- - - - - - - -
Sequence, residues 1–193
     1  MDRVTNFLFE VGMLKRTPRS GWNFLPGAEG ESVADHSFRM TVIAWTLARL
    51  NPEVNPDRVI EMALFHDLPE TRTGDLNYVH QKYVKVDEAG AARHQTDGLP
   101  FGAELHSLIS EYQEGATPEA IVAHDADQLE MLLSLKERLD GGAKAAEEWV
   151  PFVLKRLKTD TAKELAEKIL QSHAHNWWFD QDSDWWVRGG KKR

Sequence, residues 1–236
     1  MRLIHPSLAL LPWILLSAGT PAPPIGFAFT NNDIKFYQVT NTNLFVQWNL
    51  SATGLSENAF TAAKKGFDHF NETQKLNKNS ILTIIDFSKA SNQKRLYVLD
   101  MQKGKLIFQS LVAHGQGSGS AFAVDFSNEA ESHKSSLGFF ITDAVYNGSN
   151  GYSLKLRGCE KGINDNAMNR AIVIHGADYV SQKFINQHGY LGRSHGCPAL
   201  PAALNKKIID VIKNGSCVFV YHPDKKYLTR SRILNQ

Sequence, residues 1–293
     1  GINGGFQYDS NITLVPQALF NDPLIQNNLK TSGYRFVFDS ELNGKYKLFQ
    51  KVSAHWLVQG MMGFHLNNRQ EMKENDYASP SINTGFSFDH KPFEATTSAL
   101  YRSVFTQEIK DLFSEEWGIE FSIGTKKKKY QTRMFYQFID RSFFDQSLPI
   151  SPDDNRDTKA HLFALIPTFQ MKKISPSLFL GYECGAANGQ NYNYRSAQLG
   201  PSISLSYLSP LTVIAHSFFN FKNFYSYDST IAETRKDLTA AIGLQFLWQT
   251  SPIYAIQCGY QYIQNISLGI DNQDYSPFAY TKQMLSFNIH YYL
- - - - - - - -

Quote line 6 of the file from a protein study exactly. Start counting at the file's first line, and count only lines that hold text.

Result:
Sequence, residues 1–236